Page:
Today marks the second anniversary of the racist murder of George Floyd at the hands of a white police officer.
George Floyd’s murder reinvigorated the global Black Lives Matter movement for racial justice and shone more light on structural racism in the UK and here in Oxford.
Thousands of people from across our city took to parks, open spaces, and gathered in our High Street in solidarity with the demands of the Black Lives Matters movement and the Rhodes Must Fall movement. Support came from across the whole community in Oxford, showing the wide support for effective action to tackle racial inequality.
This was yet another moment of reckoning for the government and institutions, including Oxford City Council, to examine their role in tackling structural racism and the push for equality.
The council developed its Anti-Racism Charter, its commitment to ensuring tackling racism in all its forms, and part of the council’s work and its aims and objectives. The Anti-Racism Charter was developed with communities across our city and followed many hours of dialogue with organisations and individuals. The charter is a live document and will be reviewed in partnership with the community to measure the council’s progress in challenging racism. Alongside this more work is being done to improve representation in the council’s workforce. The council’s Equalities, Diversity and Inclusion Strategy outlines how the council will take this work forward.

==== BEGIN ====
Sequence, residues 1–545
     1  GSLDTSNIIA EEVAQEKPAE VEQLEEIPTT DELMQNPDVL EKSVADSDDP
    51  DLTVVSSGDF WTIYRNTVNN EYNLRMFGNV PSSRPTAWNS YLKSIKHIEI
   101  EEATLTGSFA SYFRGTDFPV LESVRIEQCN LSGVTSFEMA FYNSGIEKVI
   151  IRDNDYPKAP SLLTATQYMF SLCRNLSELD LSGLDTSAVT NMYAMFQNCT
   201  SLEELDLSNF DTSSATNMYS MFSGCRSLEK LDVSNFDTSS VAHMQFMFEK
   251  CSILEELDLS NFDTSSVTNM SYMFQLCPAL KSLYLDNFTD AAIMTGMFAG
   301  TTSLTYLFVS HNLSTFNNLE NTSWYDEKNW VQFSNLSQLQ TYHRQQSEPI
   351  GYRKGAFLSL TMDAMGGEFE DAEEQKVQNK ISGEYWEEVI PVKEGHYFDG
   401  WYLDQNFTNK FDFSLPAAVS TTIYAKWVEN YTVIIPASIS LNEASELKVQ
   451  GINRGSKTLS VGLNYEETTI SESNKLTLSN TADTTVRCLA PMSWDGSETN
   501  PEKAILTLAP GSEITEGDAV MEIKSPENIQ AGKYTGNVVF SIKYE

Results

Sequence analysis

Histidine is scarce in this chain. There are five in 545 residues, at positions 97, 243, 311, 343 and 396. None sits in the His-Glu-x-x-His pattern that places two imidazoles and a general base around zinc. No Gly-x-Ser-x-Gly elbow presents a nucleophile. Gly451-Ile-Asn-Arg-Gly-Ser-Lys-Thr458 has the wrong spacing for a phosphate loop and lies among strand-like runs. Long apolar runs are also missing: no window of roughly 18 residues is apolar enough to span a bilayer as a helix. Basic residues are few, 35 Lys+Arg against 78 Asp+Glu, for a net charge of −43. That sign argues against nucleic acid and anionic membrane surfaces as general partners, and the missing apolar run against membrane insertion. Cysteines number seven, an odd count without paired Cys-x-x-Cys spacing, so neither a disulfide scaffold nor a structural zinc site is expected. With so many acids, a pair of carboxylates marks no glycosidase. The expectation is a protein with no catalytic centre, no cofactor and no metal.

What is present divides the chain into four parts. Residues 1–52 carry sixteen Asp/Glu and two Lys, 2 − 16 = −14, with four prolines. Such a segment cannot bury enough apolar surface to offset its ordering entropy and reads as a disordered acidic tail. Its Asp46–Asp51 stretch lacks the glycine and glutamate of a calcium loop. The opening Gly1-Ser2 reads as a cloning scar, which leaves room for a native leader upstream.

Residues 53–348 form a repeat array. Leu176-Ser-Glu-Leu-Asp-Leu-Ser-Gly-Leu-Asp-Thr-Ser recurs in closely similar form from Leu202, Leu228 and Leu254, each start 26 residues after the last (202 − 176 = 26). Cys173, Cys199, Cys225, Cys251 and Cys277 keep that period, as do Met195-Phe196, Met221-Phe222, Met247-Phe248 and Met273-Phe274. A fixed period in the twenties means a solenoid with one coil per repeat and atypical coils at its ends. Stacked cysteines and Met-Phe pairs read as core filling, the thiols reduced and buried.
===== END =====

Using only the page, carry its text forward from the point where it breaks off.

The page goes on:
Oxford City Council is reporting on its Ethnicity Pay Gap, alongside its Gender Pay Gap, even though as a council, there is no legal obligation for this reporting to take place. The council believes it has a duty to be transparent on this issue. It's only through reporting on the Ethnicity Pay Gap that we can make the council a more inclusive, equal place to work and encourage places of work across our city to do the same.
The council’s Community Grants Fund, now known as the Community Impact Fund, has been restructured so that representative community organisations are able to access council funding in a more user friendly way.
These steps show progress but we acknowledge that much more work must be done. In 2021, Oxford City Council had its most representative Cabinet ever – with three women of colour appointed to the cabinet for the first time ever. In part this happened because of the work done by the Black Lives Matters movement. This year, Councillor Chewe Munkonge, an experienced councillor of more than six years, was appointed Deputy Leader of the Council. In doing so, Councillor Munkonge becomes the first Black and African heritage Deputy Leader of the council in the institutions history.
These milestones are vital because representation matters. We must continue to build on these achievements to make sure more, meaningful, change takes place.